When a child or a family goes off to camp, or on a camping trip, the goal is usually to learn, meet new people, and likely experience the outdoors. Camps and camping should be about growth and recreation.
Depending on where the camp is, there can be some things that could get in the way of that growth. One is the possibility of bugs – particularly mosquitoes or ticks. Most mosquitoes and ticks are an annoyance. However, some can carry disease. The problem is that you can’t tell the difference between a health bug or a sick one, so the goal is to be to keep them all away.
For people who have ticks or mosquitoes in their own backyard, repelling them is second nature. However, for people who might not be as used to controlling them, we wanted to provide a few tips on what to pack, and what to do while at camp or on a camping adventure.
Determine What Bugs May Exist At Your Camp
This can vary, based not only on location but on time-of-year. For someone who is going to a camp within 50 or 100 miles of their home, it is pretty easy to know what the risks will be. However, if you are traveling to camp, it is worth doing a little homework.
Disease-carrying mosquitoes live in every state. While some states have more mosquitoes than others, the ones that carry diseases like West Nile are active everywhere. It is generally safe to assume that any outdoor setting could have a risk of mosquitoes. Note that in the Northwoods of the Great Lakes and New England areas, the mosquito season generally peaks from June to August.
Ticks are a different story. Different ticks live in different states, and tend to be pretty rare in the drier areas of the West. Our main concern tends to be with deer ticks, the ticks that can transmit Lyme Disease. They tend to live in New England, on the East Coast and in the Mid-Atlantic Region, and in the Midwest and Great Lakes areas. They can be active from spring through fall.
In some areas, biting black flies are also a problem, but they tend to be active early in the summer (June in most parts) and then quickly are done for the season.
Pack Repellents, Per the Camp Guidelines
If you or your family are headed to camp, we recommend that you pack repellents. For most campers, a good mosquito repellent will be what you need. We recommend you pack a full can or bottle so you know that you have a good supply at the start of camp.
A mosquito repellent with DEET can also repel black flies as well as be a deterrent (but not completely stop) ticks, especially if used on the shoes and pantlegs. You will see different percentages of DEET in a bug spray – you do not need to go crazy on this. 25% is a pretty standard concentration of DEET in most products. Going higher than that doesn’t make the repellent more effective – it just makes it last longer.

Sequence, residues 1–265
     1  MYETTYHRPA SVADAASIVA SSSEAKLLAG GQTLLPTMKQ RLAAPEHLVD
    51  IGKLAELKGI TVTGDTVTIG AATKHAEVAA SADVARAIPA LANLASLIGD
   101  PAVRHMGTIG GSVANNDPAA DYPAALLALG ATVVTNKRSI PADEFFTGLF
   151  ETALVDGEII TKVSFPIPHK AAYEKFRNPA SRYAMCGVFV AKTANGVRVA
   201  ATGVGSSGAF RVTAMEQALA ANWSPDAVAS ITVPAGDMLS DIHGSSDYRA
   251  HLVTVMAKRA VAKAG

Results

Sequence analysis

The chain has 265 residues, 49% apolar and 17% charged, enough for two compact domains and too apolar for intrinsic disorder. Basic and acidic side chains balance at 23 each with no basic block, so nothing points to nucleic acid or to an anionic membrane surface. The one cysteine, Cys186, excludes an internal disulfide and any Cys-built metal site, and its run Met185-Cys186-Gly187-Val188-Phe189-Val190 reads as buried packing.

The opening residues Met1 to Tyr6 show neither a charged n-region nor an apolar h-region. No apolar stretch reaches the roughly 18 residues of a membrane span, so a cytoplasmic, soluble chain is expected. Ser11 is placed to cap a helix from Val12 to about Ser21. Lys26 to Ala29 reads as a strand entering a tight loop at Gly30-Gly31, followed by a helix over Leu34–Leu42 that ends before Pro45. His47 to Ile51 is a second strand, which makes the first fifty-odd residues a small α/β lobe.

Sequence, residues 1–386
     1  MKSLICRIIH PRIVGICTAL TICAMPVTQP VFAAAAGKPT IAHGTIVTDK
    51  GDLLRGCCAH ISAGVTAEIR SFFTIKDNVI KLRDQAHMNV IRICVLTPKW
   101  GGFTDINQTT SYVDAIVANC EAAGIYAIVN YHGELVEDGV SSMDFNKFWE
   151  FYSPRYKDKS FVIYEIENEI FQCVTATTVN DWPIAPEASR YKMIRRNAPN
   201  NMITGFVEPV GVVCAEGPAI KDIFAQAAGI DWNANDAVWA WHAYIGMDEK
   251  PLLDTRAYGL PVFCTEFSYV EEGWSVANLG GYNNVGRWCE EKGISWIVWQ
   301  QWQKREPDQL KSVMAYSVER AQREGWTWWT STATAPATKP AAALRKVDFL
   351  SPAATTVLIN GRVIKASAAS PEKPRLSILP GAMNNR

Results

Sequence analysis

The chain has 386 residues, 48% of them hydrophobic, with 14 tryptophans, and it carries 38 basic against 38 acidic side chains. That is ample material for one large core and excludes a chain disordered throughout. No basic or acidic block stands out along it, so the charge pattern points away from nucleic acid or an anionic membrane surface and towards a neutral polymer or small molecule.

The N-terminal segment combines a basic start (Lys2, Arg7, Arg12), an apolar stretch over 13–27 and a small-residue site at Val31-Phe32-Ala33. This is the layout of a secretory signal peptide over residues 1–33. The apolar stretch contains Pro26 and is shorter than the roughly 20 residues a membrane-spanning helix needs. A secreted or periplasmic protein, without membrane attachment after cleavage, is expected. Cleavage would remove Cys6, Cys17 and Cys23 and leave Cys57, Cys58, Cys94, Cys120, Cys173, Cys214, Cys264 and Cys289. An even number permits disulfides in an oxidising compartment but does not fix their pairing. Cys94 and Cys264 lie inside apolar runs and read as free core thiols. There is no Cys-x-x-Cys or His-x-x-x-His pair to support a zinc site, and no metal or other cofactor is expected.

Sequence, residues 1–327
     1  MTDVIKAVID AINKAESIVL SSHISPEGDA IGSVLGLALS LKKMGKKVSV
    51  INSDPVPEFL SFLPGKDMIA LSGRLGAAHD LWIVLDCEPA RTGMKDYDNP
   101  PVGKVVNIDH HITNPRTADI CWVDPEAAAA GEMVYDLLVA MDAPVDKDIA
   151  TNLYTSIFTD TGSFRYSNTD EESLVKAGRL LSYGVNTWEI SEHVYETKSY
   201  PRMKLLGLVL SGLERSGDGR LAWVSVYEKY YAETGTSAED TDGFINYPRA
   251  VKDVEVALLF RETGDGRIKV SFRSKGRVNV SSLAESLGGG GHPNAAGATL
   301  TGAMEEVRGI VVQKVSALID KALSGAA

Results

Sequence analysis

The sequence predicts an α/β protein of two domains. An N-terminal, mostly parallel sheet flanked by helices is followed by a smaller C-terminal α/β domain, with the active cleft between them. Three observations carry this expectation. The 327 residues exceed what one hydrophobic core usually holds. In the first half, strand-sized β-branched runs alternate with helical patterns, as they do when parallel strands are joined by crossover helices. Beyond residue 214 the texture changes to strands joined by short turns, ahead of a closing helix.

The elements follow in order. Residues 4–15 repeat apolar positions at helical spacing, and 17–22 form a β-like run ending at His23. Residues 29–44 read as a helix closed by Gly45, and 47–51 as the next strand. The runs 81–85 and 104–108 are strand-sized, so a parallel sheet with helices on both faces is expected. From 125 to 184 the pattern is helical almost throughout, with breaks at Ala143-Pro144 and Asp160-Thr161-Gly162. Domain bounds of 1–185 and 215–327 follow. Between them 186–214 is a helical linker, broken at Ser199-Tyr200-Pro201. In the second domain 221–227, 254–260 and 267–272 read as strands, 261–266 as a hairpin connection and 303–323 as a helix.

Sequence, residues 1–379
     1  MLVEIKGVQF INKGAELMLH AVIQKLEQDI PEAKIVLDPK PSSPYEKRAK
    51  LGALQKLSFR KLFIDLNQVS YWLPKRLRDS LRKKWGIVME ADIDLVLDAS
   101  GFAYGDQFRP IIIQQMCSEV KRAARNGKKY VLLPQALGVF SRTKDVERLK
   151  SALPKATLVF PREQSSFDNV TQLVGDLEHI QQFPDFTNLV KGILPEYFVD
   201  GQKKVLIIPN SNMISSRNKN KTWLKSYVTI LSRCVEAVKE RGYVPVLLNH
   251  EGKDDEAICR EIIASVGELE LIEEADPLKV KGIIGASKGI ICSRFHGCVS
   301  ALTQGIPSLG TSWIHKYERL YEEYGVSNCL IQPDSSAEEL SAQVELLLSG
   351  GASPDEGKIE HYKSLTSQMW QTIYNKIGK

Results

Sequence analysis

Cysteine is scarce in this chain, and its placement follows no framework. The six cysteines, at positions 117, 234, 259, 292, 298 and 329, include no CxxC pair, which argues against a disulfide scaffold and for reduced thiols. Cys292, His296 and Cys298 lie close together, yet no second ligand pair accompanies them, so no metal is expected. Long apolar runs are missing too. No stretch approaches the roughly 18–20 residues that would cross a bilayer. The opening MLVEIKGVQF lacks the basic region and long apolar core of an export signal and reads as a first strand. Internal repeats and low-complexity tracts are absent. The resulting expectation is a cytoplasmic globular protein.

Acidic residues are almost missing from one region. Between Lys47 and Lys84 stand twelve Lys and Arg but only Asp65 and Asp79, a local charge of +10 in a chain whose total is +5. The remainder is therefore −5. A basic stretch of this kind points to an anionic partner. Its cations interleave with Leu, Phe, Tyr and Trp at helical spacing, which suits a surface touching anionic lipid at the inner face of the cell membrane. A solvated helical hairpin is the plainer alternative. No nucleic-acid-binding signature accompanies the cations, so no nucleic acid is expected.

One of the most questions we get from people is if they can use a natural or organic repellent for mosquitoes. We did a whole piece on that if you want to check it out. Studies have shown that the Oil of Lemon Eucalyptus (OLE) stands above the other natural repellents when it comes to mosquito-repellent abilities. It is important to note, though, that DEET products almost always test out as superior when it comes to mosquito repellents. If you want to go green, however, the OLE products are the ones to consider.
As for ticks, if you or your camper will be in an area known for Lyme Disease, you may want to also pack a tick repellent. The active ingredient is usually permethrin, and it is best to just apply it to shoes, socks, and the ankle and shin areas.
Here are a few notes about packing bug spray:
- Pack a brand new container of the repellent. If you grab one from your closet, it might only be ¼ full and you camper could run out just a couple days into camp.
- Pack the repellents in zip lock bags. There is nothing worse than having a spray emit while in a suitcase or duffel. It will make all the clothes stinky.
- Keep it simple for your camper. Trying to send something that will require them to mix (as can be the case with some organic or essential oil chemicals) usually doesn’t work.
- Make sure your camper knows how and when to apply the repellent.
Most repellents are good for about 8 hours, so re-application is necessary. If it is warm and the camper will be in shorts and a t-shirt, reapplying a little more often is a good idea.
We also recommend that they put a little shot on the back of their neck and shoulders at night, as a mosquito in a cabin or tent can also be an issue. Just be sure they use it sparingly, as we prefer for them not to be inhaling fumes while they sleep.
Make Sure They Check for Ticks
If you camper will be in a tick-prone area, checking for ticks is important. Some deer ticks can be as small as a tiny mole or a sesame seed. They are dark, and sometimes burrow if given enough time. We did an entire piece on checking for ticks – our 4-step process. Make sure the child knows to look for “hot spots” – this is where 90% of ticks tend to end up. Behind the knees, in the armpits, skin folds, and around the groin tend to be where they like to make themselves at home.
Think About Clothing
Clothing can make a difference in the fight against mosquitoes and ticks. We recommend a few points:
- Some studies have shown that mosquitoes prefer darker colors because they give off warmth. It might be a wives tale, but consider packing lots of white and khaki clothing.
- White socks are excellent because it is easy to spot a tick crawling on them. Most ticks grab on to a human in the legs at first.
- If your camper might be doing overnights in woods or long canoe-type trips, consider a light long-sleeved shirt. Some manufacturers make bug or mosquito shirts for this exact reason.
Don’t let ticks or mosquitoes stop you or your camper from having a great time at camp! Just a little preparation, and you will be able to take the steps needed to repel most or all of the bugs.